"Our parents and teachers say it's a miracle, but its not. It's going to happen no matter what, there's no choice in the matter. To my mind, a miracle is something that could go one way or another. How a mother comes to love her child, her caring at all for this thing that's made her heavy, lopsided and slow, this thing that made her wish she were dead.... that's the miracle."
Ami McKay's story was hard to put down. (Thanks Lacey). McKay's depiction of a Nova Scotian bay and the people who made their lives there was both inspiring and shocking.
Miss Babineau the village midwife trains the heroine of the novel - Dora - to attend to the females of the bay and ensure their safety while dealing with pregnancies, deliveries, and recoveries. As she stated, "All I ever wanted was to keep them safe."
There is plenty of love, but even more dislike embodied within the pages. I found myself wishing I could warn the women of the novel about the men and the mistakes they were making. I also do not recommend it if you are sensitive towards any sexual jargon, because there was a lot of that. But to me, it represented the strength of the women from this bay, and the sacrifices they made for women's rights.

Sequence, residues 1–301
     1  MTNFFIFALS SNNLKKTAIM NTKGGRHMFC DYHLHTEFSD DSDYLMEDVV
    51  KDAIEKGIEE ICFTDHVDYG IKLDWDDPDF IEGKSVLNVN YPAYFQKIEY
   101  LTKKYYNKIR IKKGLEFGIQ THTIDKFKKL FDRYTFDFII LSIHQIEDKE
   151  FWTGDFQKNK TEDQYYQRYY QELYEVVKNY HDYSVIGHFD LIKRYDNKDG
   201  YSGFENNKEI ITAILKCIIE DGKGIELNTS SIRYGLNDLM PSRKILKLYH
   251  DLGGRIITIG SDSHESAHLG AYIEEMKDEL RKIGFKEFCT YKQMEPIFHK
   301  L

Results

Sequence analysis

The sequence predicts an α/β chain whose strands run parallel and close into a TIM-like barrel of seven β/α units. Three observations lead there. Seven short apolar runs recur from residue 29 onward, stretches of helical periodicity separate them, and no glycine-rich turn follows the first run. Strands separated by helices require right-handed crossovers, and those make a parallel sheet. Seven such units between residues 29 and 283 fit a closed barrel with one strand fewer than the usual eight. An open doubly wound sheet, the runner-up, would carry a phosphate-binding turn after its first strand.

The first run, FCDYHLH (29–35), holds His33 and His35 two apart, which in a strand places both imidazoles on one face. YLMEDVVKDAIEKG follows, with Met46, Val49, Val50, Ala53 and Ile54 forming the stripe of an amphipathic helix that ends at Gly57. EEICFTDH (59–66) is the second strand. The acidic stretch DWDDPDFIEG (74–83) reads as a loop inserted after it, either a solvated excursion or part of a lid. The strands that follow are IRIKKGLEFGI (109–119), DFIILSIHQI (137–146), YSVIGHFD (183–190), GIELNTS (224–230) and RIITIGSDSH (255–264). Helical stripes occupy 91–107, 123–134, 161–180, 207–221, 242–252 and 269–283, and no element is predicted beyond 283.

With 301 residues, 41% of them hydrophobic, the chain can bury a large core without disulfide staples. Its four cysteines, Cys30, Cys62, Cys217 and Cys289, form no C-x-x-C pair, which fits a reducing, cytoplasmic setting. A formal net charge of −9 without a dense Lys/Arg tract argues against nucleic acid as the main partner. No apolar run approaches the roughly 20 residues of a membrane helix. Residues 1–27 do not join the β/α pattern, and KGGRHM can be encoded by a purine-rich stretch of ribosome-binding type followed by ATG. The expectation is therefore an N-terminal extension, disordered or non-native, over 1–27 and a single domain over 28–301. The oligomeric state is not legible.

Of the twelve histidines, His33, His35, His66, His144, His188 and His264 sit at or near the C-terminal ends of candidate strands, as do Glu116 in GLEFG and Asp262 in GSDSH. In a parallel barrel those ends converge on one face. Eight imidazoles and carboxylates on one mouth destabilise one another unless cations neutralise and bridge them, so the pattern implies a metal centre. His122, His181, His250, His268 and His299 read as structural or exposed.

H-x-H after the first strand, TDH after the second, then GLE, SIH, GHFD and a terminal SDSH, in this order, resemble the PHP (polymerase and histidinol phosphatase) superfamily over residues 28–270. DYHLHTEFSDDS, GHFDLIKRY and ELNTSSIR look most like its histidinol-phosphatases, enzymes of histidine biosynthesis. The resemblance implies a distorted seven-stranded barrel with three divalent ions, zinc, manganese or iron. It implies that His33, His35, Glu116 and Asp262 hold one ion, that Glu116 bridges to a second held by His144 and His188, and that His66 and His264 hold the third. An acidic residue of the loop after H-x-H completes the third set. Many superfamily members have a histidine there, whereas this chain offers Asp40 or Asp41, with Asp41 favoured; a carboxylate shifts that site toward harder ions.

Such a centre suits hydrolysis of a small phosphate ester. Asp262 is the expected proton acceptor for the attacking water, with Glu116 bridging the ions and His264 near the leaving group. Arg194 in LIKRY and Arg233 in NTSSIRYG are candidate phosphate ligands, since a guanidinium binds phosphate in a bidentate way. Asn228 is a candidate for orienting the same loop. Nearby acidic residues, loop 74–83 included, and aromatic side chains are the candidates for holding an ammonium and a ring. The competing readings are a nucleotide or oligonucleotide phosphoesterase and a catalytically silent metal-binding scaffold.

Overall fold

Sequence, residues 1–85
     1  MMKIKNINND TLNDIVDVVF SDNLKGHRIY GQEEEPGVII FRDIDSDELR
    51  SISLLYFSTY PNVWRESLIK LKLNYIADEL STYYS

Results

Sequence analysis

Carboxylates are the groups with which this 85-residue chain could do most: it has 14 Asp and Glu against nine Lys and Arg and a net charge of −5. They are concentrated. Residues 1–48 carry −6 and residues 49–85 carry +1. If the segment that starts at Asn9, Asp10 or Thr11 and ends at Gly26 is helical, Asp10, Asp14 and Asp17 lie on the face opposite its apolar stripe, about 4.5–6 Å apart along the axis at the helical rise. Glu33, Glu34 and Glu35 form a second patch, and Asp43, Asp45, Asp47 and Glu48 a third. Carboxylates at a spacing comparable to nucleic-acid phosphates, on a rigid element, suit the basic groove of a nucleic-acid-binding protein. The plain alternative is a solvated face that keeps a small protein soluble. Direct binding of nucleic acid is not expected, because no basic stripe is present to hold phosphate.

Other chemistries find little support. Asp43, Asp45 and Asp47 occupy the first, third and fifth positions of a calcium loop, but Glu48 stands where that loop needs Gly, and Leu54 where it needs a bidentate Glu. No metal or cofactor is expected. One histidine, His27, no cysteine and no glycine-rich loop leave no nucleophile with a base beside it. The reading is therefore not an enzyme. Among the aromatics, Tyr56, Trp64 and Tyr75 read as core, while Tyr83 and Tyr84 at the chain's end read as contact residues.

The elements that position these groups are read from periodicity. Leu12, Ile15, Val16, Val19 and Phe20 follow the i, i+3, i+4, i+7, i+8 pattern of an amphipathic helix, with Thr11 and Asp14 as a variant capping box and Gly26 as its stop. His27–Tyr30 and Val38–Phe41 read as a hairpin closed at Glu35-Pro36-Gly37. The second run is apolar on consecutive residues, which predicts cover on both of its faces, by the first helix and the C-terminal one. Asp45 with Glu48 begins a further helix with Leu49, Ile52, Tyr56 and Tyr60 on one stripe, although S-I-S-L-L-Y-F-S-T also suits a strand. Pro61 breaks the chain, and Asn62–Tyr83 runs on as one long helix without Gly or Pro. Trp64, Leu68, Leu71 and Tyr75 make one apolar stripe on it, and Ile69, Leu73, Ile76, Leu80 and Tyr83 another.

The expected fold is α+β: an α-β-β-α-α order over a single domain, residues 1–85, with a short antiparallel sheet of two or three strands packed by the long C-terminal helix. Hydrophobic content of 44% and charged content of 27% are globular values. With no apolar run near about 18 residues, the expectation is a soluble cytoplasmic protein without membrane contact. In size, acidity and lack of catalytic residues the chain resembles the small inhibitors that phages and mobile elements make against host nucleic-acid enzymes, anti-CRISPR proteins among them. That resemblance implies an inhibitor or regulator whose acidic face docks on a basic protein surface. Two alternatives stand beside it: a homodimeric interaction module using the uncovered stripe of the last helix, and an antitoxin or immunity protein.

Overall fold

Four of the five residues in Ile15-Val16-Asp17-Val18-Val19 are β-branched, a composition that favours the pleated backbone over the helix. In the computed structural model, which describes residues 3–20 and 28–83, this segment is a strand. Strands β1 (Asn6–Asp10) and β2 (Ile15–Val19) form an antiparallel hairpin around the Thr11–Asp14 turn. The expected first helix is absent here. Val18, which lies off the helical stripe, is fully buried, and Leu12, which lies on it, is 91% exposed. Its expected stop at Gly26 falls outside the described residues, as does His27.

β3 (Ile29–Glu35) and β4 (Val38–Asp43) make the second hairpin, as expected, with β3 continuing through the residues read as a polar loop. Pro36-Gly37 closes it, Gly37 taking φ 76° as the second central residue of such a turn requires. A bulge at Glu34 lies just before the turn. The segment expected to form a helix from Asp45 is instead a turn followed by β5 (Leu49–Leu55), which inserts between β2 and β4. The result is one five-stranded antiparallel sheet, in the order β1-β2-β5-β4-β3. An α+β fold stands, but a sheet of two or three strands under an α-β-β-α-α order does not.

Even more, this novel celebrated birth. It celebrated the pangs of motherhood, and the sacrifices women make for their children - even before they are born. It honored the duties of a woman and motherhood, which was very refreshing. I also felt it was appropriate for Mother's day.
"When I finished my tea tonight, I turned the cup over. One, two, three times round. I sees a pretty little house, right full with babies."